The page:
Captain Lord Mansion History, Part 5


1972 – 1978

As I continues to recall the Captain Lord Mansion History, I’ll share about how in April 1972 a young Jim Throumoulos of Biddeford, Maine acquired the Captain Lord Mansion.  His plan was to convert the building to office condominiums.  Ugh!  However, Kennebunkport had passed its first zoning ordinance in March of that year and the new ordinance prohibited commercial development in the newly designated historic residential area.  However, the ordinance allowed rooming houses and Bed & Breakfast inns.  He owned the Mansion for 6 years from 1972 until 1978.  During Jim’s ownership, he was responsible for much decorative restoration such as wallpapering, painting and refinishing painted floors.  During their subsequent 35 years of ownership, Bev and Rick have re-renovated all of Jim’s renovations and done much more upgrading to the physical plant.

After Jim purchased the Mansion, he advertised in college newspapers for students who would trade work for summer lodging. He had no trouble attracting a crew of workers to Kennebunkport for summer work!  To house his workers, Jim made the barn (carriage house) into a dormitory by constructing crude cubicles and added limited bath facilities. Nevertheless, young folks did come and worked hard at sanding floors, stripping wallpaper, painting and generally transforming the old building with a fresh look.  However, Jim was under capitalized and soon was facing severe financial pressure.  First, he sold the land in front of the Mansion to the Kennebunkport Conservation Trust.  In fact, that purchase was the catalyst for the formation of the trust; it was their very first piece of land purchased for conservation.  Subsequently, Jim fell in love with one of the workers who had come to work on the gardens.  Shirley Green was a lovely young lady with much talent.  As Shirley and Jim were planning their wedding, his financial plight worsened.  Supposedly the phones had been turned off.  Whether true or not, Jim went to the post office and found a letter from a local attorney inquiring if Jim would rent a couple of rooms to an elderly woman and her nurse.  Apparently, the attorney had tried to call Jim directly!  Jim came away from that meeting with enough money in advance and security deposits that he was able to stave off financial collapse for a time.  That woman, Mrs Parsons, became their savior.  She lived at the Mansion for only a short time before she was taken gravely ill; but, she was to be a rescuer a second time.  When Shirley visited Mrs Parsons in the hospital, Mrs Parsons knew of the young couple’s financial struggles and told Shirley that she would have her attorney fulfill a year’s rent obligation.  Again, Jim was rescued at the last moment.  That was the beginning of renting rooms to senior ladies.  Jim and Shirley provided three meals a day, breakfast on a tray in their rooms and lunch and dinner “family-style” in the Mansion’s grand kitchen.  Additionally, no nursing care was provided; only room cleaning and laundry.  Whether due to the financial struggles or other personal issues, the marriage foundered and Jim and Shirley’s relationship became strained to the point where she asked for a divorce. Things were complicated because her parents had made an investment in the property.  Also, Jim had apparently mortgaged his mother’s home in Biddeford.  Those financial issues complicated Jim’s life tremendously.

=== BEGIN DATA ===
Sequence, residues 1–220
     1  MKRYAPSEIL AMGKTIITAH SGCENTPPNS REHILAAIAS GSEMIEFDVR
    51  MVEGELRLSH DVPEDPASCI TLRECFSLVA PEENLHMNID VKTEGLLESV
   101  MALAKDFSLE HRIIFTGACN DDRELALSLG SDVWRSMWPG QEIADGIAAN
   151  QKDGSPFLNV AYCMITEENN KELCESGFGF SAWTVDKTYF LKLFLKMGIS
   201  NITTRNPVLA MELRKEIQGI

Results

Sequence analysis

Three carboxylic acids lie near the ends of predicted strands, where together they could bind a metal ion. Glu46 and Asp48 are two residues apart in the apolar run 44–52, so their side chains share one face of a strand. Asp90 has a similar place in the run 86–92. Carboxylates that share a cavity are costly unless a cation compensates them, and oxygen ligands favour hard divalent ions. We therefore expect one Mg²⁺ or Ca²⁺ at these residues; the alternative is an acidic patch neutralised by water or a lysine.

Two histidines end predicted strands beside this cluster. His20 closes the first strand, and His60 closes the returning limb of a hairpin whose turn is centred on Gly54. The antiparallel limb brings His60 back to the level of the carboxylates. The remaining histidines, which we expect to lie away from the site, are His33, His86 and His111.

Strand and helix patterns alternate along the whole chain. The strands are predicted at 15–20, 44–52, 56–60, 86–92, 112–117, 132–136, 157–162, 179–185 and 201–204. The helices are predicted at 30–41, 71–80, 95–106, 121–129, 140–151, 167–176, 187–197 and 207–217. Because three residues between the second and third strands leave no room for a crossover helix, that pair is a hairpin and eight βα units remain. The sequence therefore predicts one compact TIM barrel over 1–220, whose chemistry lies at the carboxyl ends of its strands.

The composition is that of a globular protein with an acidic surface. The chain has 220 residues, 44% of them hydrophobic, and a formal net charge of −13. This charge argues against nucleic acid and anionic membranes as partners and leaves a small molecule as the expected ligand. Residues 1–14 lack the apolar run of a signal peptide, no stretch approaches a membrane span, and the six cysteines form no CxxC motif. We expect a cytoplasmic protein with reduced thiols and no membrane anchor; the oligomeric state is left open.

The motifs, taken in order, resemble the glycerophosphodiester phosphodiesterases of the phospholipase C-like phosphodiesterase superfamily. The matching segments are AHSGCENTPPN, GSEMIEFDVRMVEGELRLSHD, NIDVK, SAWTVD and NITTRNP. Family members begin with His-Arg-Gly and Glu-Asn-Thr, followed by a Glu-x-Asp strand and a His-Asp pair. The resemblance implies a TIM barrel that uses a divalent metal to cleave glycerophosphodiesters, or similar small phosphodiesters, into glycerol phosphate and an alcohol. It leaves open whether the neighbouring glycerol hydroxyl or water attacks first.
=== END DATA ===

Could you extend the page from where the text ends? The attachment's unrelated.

During summers between 1974 and 1977, the couple rented a few rooms on the third floor to transient guests.  However, there were mostly shared baths and marginal “antique” furnishings.  Norman Simpson, the author of “Country Inns and Back Roads” discovered the Captain Lord Mansion during one of his visits to the town. Previously, Norman had the Shawmut Inn in his book; however, Norman was looking for an alternative offering to his readers.  He approached Jim and Shirley and encouraged them to rent rooms and he would list them in his book. Thus, Norman Simpson was the one who discovered the Captain Lord Mansion as a place for the traveling public.  That was when bed and breakfast inns were just beginning to be discovered by the travelers.

That was the scene when Bev and Rick discovered the inn during a trip to New England while researching business opportunities. They were shown the inn on March 17, 1978. 90 days later they became owners of the Captain Lord Mansion on June 15, 1978. That is the “rest of the story”! To be continued. Your innkeeper, Rick Litchfield